Every welding defect costs unnecessary time and money. Vehicle manufacturers have to work efficiently. Detecting defective parts before delivery is not enough. The aim must be to avoid defects and rejects from the outset if possible – by quickly finding and eliminating sources of error. In this way, welding processes can be made progressively more stable and reliable.
Daniel says that to achieve this, Weldloop helps tackle the first step in the optimisation process; synthesising inspection data with process data, “and this is the first time that such a convergence has been achieved.”
Synthesising inspection data and process data
Without context, however, the data from the visual inspection do not allow direct conclusions to be drawn about the causes of defects. Such analyses still depend largely on the experience of welding engineers: They set out to find the fault, change the welding parameters and thus try to eliminate it. This can take time.
Meanwhile, the welding line is often at a standstill. In addition, this method prevents continuous automation of the line.
That is why Vitronic, the Wiesbaden-based specialist for industrial image processing, launched the Weldloop software at the beginning of 2022. Weldloop integrates data from two sources: 3D data from automated weld inspection with Vitronic VIRO WSI, and process data from the welding line in WeldCube Premium[BS2] ; the documentation solution from Austrian manufacturer Fronius. The software visually compares both data sets: this makes it easier to identify correlations between defective seams and deviations in the welding process.
Quickly eliminating errors with visual evaluations and integrated solutions
The latest Weldloop version provides a range of new evaluations, visualisations and tools. This makes it faster and easier for welding engineers to analyse defects and eliminate the causes. With visualisations such as scatter plots, large amounts of data can be displayed at once, for example different measured values from several welds in one overview (see Visualisation).
Daniel says, “from WeldCube we get the wire consumption calculated out of the wire feed speed and can compare it with our weld volume calculated out of our 3D scan. That data is then presented visually in a colour-coded scatter plot where you’re able to analyse huge amounts of data. This easily digestible data speeds up welding lines, translating to quantifiable improvements throughout the process.”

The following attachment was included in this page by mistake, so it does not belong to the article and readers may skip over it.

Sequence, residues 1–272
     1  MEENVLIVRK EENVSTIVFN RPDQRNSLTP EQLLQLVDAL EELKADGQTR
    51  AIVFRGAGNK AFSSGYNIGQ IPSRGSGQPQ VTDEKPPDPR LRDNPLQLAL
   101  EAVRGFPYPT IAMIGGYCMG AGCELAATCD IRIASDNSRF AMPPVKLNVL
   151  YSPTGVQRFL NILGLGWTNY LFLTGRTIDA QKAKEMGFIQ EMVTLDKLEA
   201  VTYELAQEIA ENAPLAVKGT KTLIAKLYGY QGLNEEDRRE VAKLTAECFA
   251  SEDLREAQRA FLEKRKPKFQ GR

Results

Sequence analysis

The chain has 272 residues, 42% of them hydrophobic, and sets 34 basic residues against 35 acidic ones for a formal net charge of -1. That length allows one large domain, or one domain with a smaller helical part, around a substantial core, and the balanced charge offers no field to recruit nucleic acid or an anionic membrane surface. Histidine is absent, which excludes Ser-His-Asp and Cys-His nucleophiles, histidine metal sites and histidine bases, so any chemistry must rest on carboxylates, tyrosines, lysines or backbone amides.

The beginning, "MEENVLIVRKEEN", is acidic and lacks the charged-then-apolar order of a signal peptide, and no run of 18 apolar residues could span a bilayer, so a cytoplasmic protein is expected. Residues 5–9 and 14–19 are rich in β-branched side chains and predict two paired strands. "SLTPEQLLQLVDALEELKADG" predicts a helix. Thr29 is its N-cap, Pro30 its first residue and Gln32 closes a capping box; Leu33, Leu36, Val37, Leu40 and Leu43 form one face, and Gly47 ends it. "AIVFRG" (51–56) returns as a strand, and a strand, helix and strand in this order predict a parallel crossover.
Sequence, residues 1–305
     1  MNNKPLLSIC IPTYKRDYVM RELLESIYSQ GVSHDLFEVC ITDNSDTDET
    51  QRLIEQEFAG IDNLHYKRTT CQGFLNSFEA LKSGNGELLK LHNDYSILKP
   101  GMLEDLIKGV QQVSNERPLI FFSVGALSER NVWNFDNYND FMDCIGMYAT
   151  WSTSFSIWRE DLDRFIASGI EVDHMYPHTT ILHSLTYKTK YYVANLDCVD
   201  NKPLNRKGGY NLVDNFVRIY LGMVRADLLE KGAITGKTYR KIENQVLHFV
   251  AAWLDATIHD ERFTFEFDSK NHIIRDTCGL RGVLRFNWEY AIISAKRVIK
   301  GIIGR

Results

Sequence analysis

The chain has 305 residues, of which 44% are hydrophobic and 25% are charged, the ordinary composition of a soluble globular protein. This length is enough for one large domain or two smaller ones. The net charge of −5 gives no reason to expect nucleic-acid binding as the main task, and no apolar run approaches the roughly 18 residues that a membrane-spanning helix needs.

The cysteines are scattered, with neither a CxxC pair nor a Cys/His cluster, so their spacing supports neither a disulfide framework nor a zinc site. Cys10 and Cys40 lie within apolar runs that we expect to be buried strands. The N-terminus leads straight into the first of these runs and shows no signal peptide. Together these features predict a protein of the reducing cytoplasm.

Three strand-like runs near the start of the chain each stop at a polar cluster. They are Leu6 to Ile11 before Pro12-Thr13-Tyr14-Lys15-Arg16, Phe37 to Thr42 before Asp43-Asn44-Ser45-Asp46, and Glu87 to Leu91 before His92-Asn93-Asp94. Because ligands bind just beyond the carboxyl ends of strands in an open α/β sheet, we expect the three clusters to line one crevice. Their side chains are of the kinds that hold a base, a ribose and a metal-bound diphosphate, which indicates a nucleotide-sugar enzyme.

There are many other improvements offered by Weldloop. Daniel takes up the example of an undercut in the weld seam. “The cause of the defect could be due to an incorrect welding position or incorrect process data. The issue is that on the welding line, you could have anything from 30 to 100 different welding systems; which means that you cannot easily discern the actual source of the defective seam. Our system allows you to identify the source of the defect by linking data sets, with all the information being easily, and directly linked in our software ecosystem.”
Using trend displays, the quality of a component and individual seams can be tracked over time on an hourly, daily and weekly basis. One click takes you directly to the detailed view with the measured values of individual seams. Causes of errors can be traced back to individual welding stations and exact times.
A few more clicks are all it takes to eliminate the cause: Workers can check in Weldloop whether the process data is within the specified limits and switch directly to WeldCube Premium to optimise the parameters and limits of the welding station. Manual analyses become unnecessary, as do constant changes between different stations and solutions. Weldloop also allows the import of manual defect evaluations by the workers; based on the data, pseudo defects can be minimised and test methods can be optimised.
For documentation, optimisation and audits, the software comes with a number of standard interactive reports (see image gallery). All data can be transferred to external databases for long-term archiving.
Daniel comments that Weldloop can be deployed across all kinds of material, be it aluminium, steel and so on, “but of course,” he says, “Vitronic mainly inspect safety relevant components, and so Weldloop can be used across a broad gamut, essentially subsuming everything that falls under that umbrella.”
Weldloop’s broad applicability is seeing a high-demand in its favour, both from tier-suppliers and OEMs, and such high demand can come with its own set of challenges in automotive production.
Daniels says, “Our main tiers and many OEMs are telling us that they want to use our technology in every factory worldwide. A big task is going to be the transformation of existing lines into lines with automated inspection. Usually, when we sell new systems, approximately 95% are implemented into new lines. The continuous modernisation of these lines will be a welcome challenge for Vitronic.